Hours after the post appeared on Facebook, Mansour was suspended from his job. Later, he was arrested by PA Military Intelligence Service officers who raided his house and conducted a search, during which they destroyed furniture, according to his family. A PA court has since ordered Mansour remanded into custody for fifteen days.
The suspension and subsequent arrest of the officer sparked a new wave of rage against Abbas and his security forces. Palestinians took to social media to protest the crackdown on the officer, hailing him as a hero and denouncing Abbas as a "dog" and Israeli "collaborator." Some suggested that the officer was worthy of being appointed as a minister in the PA Cabinet for his courageous remarks.
But the move against the senior officer did not deter many Abbas loyalists from coming out against him for going to the funeral of Peres.
Fatah's "Youth Movement," known in Arabic as Al-Shabiba, issued a statement calling on Abbas to "apologize" to the Palestinians for committing a "grave mistake." Abbas's participation in the funeral was "humiliating and degrading" for the Palestinians and a form of "treason," according to the statement. The group pointed out that Abbas's move was in violation of Fatah's regulations, which envisage the "full liberation of Palestine and eliminating Israeli occupation economically, politically, militarily and culturally." Addressing Abbas, the group stated:
"Mr. President of the State of Palestine, Mahmoud Abbas. You have committed a crime against our people by equating the executioner with the victim. We will not allow treason to become a viewpoint."
Several senior Fatah officials sought to distance themselves from Abbas's decision to attend the funeral of Peres by claiming that they had not been consulted beforehand.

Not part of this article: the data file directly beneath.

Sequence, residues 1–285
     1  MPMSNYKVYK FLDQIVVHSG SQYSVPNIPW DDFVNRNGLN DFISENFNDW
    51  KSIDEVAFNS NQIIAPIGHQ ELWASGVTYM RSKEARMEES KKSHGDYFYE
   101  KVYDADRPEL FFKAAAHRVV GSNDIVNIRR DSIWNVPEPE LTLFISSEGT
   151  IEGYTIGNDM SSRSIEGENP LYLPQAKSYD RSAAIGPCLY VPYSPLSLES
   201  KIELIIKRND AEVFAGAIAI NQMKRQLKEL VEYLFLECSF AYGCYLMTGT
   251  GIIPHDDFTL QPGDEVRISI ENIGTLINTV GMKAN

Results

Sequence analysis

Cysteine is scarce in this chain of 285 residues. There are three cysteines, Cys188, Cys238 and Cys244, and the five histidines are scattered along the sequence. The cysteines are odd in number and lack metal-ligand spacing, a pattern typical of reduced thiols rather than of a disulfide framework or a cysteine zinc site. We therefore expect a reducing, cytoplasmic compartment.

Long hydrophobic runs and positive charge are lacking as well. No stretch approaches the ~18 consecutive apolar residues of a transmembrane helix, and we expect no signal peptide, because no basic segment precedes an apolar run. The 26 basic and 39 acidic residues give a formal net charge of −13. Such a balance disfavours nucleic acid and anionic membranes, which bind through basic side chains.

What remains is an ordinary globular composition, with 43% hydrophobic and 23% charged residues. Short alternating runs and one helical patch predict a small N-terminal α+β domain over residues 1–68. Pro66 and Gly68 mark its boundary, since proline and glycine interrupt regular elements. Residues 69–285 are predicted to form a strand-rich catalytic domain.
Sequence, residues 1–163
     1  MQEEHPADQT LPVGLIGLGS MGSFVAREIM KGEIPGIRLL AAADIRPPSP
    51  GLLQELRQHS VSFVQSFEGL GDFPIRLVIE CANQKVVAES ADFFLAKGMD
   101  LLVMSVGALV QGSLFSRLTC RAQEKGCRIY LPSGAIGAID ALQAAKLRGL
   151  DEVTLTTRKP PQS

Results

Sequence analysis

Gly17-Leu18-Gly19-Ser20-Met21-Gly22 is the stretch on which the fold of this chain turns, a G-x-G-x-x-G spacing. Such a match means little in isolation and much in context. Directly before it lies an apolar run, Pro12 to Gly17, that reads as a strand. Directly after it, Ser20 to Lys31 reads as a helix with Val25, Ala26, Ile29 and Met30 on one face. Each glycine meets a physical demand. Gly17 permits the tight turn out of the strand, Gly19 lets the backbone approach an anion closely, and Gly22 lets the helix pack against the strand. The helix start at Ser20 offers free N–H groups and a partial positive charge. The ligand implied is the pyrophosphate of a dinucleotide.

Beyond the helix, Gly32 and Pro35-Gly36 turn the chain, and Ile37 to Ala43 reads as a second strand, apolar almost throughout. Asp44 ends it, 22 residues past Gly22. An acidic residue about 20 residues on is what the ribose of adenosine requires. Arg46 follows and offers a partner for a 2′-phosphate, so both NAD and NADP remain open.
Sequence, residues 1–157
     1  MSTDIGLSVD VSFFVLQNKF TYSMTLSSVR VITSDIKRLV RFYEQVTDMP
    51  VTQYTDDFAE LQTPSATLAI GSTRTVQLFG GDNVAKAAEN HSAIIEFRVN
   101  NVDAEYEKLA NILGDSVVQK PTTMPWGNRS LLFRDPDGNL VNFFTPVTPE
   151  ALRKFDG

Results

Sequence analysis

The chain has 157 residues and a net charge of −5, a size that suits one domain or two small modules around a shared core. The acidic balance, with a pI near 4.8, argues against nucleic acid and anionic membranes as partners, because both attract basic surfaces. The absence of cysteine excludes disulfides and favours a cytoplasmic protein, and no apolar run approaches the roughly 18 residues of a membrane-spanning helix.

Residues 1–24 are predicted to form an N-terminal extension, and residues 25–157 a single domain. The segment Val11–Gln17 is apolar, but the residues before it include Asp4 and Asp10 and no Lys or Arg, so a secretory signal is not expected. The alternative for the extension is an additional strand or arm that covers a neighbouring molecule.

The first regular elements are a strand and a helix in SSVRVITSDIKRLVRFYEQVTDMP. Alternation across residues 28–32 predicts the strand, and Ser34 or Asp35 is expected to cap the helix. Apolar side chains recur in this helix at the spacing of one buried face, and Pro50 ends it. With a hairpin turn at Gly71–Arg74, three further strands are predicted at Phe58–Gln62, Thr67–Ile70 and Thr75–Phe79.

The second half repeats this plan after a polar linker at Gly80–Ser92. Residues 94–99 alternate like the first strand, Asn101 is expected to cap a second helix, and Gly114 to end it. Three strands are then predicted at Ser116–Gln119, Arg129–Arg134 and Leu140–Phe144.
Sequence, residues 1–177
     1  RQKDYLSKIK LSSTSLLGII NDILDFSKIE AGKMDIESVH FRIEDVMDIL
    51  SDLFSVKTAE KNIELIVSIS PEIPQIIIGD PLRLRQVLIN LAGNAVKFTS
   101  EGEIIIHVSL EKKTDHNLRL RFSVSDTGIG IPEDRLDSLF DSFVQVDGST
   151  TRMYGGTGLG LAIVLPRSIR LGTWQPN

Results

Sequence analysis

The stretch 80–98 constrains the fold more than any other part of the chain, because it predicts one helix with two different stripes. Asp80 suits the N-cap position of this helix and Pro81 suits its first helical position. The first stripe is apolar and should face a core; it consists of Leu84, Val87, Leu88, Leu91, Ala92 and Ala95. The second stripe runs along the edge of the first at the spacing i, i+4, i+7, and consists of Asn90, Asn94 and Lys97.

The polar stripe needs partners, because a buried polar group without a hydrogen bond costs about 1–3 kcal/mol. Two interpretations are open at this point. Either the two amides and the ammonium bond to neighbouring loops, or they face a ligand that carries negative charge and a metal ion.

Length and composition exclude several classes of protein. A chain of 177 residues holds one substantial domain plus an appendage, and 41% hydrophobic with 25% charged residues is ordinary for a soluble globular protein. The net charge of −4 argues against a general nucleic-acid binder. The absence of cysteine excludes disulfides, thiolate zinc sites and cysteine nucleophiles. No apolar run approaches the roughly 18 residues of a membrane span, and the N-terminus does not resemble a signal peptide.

One of them, Tawfik Tirawi, who previously served as commander of the Palestinian Authority's General Intelligence Service in the West Bank, announced that he was personally opposed to Abbas's gesture. He clarified that Abbas did not seek the opinion of the Fatah leadership before he went to the funeral:
"Had I been personally consulted as a member of the Fatah Central Committee, I would have made it clear that I am against participation in principle, because this is a funeral of a Zionist who wallowed, from head to toe, in the blood of our people and other Arabs."
Tirawi went on to describe Peres as the "engineer of the Israeli nuclear project which is designed to foil any plan to retrieve our land."
The widespread protests against Abbas's decision to participate in Peres's funeral took a violent turn on October 3, when PA policemen used force to break up a peaceful demonstration in Ramallah. Organized by the PFLP, the protest was yet another sign of the strong sentiments many Palestinians harbor not only against Abbas, but also Israel.
Palestinian lawyer Muhanad Karajeh, who works for a Ramallah-based human rights organization, reported that he was asked by the organizers to be present in order to document the event. The lawyer stated he was severely beaten by PA security officers during the protest. "I was repeatedly beaten in the face and different parts of the body," he recounted. "I know some of the officers personally. They tore my suit although I told them I am a lawyer. They humiliated me and cursed me and my profession."